Enums, by nature, are easily comparable by equality. A simple enum T { case a, b} implementation supports the proper equality tests T.a == T.a, T.b != T.a.

If you add associated values though, Swift cannot correctly infer the equality of two enums, and you have to implement the == operator yourself. This is simple though:

enum Trade {
    case Buy(stock: String, amount: Int)
    case Sell(stock: String, amount: Int)
func ==(lhs: Trade, rhs: Trade) -> Bool {
   switch (lhs, rhs) {
     case let (.Buy(stock1, amount1), .Buy(stock2, amount2))
           where stock1 == stock2 && amount1 == amount2:
           return true
     case let (.Sell(stock1, amount1), .Sell(stock2, amount2))
           where stock1 == stock2 && amount1 == amount2:
           return true
     default: return false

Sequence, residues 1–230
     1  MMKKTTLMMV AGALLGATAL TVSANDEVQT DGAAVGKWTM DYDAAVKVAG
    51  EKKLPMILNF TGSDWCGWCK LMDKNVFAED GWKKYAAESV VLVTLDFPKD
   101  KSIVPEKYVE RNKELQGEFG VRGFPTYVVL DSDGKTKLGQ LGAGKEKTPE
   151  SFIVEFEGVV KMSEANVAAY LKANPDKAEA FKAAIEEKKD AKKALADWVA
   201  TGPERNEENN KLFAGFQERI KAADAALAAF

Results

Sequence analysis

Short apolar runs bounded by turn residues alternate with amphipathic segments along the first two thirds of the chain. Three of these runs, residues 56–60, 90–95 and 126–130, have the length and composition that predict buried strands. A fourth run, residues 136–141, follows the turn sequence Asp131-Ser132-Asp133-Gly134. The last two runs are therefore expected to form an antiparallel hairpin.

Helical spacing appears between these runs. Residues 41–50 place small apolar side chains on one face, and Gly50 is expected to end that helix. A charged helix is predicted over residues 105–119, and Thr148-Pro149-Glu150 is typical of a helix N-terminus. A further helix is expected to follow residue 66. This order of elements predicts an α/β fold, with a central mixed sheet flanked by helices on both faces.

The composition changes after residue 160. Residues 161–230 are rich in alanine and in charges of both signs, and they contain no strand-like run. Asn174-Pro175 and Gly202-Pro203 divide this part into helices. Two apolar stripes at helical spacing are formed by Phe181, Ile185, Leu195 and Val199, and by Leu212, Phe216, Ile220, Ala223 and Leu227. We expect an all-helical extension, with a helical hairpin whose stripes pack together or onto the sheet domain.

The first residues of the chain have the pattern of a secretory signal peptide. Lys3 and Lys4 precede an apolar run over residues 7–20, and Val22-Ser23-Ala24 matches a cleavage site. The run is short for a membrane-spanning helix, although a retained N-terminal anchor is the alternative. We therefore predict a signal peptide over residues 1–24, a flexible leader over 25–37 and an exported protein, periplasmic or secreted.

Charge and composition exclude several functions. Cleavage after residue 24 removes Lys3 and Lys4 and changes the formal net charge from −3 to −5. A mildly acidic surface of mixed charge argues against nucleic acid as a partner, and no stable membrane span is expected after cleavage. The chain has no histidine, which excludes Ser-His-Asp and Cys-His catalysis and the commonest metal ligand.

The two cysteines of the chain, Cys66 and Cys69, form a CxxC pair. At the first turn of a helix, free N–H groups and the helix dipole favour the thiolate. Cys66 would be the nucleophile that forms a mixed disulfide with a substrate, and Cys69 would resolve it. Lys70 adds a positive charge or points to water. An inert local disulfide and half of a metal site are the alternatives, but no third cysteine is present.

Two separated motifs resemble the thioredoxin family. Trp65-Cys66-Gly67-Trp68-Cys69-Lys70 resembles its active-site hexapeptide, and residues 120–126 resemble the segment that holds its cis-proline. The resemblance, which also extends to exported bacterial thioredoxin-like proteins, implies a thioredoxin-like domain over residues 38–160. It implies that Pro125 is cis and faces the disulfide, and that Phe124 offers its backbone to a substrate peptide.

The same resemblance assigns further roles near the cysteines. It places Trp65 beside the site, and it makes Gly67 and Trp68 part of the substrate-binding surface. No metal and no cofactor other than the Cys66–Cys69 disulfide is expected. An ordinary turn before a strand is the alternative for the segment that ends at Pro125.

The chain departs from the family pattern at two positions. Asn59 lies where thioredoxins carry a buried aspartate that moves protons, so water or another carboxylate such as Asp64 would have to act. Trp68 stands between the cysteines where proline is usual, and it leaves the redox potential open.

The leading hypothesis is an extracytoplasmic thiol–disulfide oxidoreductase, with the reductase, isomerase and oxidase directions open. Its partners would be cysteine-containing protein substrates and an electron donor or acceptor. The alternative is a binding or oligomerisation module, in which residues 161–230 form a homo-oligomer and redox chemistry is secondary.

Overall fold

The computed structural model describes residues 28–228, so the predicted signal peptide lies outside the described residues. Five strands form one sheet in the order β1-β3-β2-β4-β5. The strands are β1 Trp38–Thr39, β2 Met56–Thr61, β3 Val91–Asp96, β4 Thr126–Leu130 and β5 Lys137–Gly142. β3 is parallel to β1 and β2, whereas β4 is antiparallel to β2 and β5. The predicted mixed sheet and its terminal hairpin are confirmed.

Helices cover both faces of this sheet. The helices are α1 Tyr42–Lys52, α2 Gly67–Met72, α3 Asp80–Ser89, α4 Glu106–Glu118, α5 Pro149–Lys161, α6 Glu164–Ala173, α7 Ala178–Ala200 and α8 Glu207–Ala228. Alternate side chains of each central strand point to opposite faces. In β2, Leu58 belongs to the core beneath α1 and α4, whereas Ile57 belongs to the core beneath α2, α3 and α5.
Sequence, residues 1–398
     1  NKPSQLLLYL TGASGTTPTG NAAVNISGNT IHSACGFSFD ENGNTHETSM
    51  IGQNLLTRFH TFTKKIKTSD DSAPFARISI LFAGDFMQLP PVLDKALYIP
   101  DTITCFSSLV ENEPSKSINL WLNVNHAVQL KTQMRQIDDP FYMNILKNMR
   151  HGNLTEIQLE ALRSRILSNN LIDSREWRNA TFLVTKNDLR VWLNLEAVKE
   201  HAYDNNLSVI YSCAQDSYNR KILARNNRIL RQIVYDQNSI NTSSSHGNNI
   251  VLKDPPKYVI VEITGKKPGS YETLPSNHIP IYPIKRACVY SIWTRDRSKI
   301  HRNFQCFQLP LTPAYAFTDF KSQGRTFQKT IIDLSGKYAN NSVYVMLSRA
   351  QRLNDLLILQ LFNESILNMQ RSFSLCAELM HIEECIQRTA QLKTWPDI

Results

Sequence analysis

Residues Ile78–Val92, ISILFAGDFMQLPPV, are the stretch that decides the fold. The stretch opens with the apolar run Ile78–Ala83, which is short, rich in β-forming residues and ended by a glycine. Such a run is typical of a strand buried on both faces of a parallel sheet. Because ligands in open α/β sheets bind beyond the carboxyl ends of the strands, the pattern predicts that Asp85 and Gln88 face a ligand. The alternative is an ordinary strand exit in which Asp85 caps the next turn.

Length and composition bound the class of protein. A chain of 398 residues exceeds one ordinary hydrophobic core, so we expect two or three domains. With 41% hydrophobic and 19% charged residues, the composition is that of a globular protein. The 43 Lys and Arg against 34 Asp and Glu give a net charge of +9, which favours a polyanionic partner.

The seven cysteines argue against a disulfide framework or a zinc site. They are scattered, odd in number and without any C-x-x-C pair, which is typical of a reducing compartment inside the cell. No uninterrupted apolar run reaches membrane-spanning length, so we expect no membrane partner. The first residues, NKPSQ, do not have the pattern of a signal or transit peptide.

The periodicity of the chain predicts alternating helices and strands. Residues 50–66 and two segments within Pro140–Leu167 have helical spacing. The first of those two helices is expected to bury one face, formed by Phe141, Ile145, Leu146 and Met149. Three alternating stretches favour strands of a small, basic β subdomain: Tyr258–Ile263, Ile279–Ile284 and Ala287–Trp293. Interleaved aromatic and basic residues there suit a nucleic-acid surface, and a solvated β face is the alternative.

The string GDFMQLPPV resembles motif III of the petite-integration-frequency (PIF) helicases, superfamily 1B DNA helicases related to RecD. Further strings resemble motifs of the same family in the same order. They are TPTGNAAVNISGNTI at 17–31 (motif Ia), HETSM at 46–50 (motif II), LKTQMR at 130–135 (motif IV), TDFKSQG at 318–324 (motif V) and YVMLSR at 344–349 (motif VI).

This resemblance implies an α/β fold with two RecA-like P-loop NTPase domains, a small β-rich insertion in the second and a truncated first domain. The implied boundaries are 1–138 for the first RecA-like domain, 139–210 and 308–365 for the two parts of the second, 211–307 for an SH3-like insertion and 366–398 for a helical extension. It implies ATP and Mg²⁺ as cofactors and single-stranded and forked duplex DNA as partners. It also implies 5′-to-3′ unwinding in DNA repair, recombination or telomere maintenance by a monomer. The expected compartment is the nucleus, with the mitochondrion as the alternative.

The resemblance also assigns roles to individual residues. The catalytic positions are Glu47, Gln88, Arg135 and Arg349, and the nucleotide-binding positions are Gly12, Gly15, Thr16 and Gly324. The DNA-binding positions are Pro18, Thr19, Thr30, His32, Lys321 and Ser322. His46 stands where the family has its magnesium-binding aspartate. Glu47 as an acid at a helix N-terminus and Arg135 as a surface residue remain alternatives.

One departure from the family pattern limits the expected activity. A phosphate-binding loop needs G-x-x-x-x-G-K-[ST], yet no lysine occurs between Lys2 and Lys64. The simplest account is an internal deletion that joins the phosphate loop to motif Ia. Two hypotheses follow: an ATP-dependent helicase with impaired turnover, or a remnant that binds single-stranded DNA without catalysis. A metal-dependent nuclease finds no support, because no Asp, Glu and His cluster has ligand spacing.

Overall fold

As you can see, we’re comparing the two possible enum cases via a switch, and only if the cases match (i.e. .Buy & .Buy) will we compare the actual associated values.

Custom Initializers

In the context of static methods on enums, we already mentioned that they can be used as a way to conveniently create an enum from different data. The example we had was for returning the proper Apple device for the wrong worded version that the press sometimes uses:

enum Device { 
    case AppleWatch 
    static func fromSlang(term: String) -> Device? {
      if term == "iWatch" {
          return .AppleWatch
      return nil

Instead of using a static method for this, we can also use a custom initializer. The main difference compared to a Swift struct or class is that within an enum initializer, you need to set the implicit self property to the correct case.

enum Device { 
    case AppleWatch 
    init?(term: String) {
      if term == "iWatch" {
          self = .AppleWatch
      } else {
          return nil

In the above example, we used a failable initializer. However, normal initializers work just as well: